To 5-year-old Payton, the purple ribbon medallion he cradled in his hand was “pretty neat.”
Though too young to understand the sacrifices behind the heart-shaped medal, he does know that it belongs to a soldier: his grandmother, the Warrior Transition Brigade’s Sgt. Trecia Rodgers.
“Oh, he’s always wearing my hat and walking around the house in my boots,” said the 46-year-old grandmother of four who was wounded May 6, 2012, when an enemy’s rocket exploded just 6 feet from her bunk in the tent she shared with seven others at Forward Operation Base Shank, Afghanistan. Thankfully, timing and an empty bunk averted what most likely would have been a casualty.
“The soldier whose bunk took the direct hit was on duty,” Rodgers said. She received the Purple Heart in a ceremony Sept. 20, accompanied by her husband of 30 years.
Presenting the Purple Heart Medal to Rodgers was her battalion commander, Lt. Col. Christopher Cook.
“This is an honor for me,” Cook said. It was his first Purple Heart presentation.
Explosion, then debris
The grandmother of four said she doesn’t remember much about the morning of May 6 other than the deafening boom and the whirlwind of flying debris. She blacked out after that. Mobile, but sore and bruised with shrapnel and burn wounds, the 82nd Airborne Division soldier also had suffered a concussion that was identified only after her speech became a mouthful of indistinguishable chatter. “I really thought I was OK,” said the airframes mechanic.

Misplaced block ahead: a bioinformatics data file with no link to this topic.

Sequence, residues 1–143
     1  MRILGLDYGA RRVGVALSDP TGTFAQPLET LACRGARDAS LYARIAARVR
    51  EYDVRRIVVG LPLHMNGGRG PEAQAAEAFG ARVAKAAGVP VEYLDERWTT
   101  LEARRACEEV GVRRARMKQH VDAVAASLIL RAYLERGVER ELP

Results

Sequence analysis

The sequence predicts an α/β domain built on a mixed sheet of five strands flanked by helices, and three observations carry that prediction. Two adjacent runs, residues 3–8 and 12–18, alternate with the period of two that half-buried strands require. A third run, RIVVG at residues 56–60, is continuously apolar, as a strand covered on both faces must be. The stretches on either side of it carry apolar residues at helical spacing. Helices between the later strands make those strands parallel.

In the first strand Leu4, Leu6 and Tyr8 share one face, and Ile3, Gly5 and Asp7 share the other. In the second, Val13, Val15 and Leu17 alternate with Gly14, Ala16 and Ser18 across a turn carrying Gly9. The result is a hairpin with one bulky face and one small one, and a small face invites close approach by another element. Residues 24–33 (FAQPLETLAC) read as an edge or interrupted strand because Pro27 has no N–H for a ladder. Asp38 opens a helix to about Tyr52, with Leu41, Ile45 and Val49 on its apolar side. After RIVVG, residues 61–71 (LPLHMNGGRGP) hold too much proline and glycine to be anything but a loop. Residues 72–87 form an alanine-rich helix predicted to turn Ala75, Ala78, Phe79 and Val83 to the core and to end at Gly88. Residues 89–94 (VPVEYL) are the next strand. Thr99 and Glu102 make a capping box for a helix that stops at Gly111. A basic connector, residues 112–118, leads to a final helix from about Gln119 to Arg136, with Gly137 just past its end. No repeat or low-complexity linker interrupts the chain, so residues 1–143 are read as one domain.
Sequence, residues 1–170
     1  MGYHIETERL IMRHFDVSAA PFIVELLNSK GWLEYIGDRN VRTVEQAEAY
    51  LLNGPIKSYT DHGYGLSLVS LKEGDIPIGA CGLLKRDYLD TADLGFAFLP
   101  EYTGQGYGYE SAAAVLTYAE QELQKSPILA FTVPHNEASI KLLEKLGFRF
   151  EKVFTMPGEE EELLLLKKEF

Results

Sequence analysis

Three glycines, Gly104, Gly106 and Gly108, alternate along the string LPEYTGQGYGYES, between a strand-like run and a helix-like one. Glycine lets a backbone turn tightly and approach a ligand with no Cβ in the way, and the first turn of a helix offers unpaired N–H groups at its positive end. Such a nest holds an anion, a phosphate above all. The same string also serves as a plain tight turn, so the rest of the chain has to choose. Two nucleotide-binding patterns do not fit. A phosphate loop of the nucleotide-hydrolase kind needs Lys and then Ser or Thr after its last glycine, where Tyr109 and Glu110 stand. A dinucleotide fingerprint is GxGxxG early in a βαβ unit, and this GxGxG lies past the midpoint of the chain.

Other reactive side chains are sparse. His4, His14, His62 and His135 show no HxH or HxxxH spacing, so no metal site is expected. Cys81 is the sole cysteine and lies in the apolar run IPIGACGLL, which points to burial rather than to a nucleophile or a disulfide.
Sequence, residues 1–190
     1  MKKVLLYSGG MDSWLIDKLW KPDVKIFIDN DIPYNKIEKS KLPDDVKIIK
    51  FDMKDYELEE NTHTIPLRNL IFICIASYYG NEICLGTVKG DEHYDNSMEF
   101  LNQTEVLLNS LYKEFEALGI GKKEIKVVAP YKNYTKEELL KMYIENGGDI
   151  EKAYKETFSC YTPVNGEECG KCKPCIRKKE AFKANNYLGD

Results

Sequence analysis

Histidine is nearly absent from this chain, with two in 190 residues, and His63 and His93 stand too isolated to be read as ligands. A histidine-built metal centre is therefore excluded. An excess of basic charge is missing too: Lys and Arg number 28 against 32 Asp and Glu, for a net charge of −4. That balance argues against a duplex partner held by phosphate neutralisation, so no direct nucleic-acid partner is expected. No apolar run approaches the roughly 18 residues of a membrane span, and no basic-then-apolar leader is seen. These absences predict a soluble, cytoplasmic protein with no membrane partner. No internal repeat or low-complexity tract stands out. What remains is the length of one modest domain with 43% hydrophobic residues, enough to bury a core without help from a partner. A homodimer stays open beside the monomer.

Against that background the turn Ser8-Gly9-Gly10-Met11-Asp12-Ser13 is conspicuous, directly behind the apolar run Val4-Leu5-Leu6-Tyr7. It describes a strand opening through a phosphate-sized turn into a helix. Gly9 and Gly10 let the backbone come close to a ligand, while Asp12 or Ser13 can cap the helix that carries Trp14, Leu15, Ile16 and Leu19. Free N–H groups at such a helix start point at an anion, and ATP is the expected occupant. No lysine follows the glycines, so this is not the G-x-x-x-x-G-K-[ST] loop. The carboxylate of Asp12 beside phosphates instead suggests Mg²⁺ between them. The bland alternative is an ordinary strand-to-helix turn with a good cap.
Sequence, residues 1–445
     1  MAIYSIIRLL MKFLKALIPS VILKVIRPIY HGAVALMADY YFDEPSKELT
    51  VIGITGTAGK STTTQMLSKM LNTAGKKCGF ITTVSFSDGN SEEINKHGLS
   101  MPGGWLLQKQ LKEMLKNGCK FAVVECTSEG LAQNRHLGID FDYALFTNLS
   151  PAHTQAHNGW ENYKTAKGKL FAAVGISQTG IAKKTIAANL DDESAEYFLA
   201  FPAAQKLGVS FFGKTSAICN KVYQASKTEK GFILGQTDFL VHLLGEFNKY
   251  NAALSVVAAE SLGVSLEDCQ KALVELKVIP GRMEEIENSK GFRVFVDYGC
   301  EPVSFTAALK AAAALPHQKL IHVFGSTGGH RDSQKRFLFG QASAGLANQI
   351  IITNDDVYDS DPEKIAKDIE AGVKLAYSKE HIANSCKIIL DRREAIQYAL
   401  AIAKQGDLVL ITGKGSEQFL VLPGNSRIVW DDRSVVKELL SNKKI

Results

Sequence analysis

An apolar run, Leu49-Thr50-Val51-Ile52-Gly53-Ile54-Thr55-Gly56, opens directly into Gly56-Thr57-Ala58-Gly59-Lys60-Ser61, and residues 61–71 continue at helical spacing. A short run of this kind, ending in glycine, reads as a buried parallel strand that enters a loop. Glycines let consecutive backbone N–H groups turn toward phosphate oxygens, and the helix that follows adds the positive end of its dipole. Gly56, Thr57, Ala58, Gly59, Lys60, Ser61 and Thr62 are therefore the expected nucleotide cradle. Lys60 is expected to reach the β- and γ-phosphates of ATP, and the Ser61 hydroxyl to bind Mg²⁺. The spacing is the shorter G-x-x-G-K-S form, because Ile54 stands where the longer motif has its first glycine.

Rodgers praised the doctors at the traumatic brain injury field clinic in Afghanistan who diagnosed additional issues resulting in a medical flight home.
“It was the age factor,” she said. “At 45, you just don’t recover as quickly as when you were 21.”
Initially assigned to Fort Rucker, Rodgers transferred to Fort Hood’s transition brigade in November 2012 to be near her terminally ill mother.
While she was training alongside “baby-faced” kids old enough to be her children, Rodgers’ son was leaving for Iraq with the National Guard and her husband was home in Idaho. Although he knew his wife wouldn’t deploy immediately, the thought still was troubling.
“She’s the love of my life,” said Don Rodgers. “But I am proud of her.”
By the time Trecia Rodgers left for Afghanistan in 2011, her son had returned safety from Iraq and was out of the Guard.
Army good fit
Admitting her mom is pretty head strong, the Rodgers’ daughter, Stefanie, said she knew better than to question her mom her she made the career plunge.
“It does seem to fit her,” she said, who, along with her three children, lives with her parents in Killeen. “She had always wanted to join, and she was going to do what she wanted to do regardless of what I thought.”
Today, however, her daughter beams with pride at her mother’s accomplishments.
“Things could have ended up so differently,” said Stefanie, acknowledging the change in her mother since her return from war. “I’m just grateful she made it back alive.”
Trecia Rodgers said she hopes to one day be fit for duty. No matter how many bumps and hills are ahead of her, Rodgers said being grandmother to her four grandsons with a fifth one on the way is what she enjoys best about life. And, she said, the Purple Heart reminds her of how close she came to not coming home.
“It is a mixed emotion really,” she said. “It’s both a reminder of what happened, as well as a reminder of what might not have been.”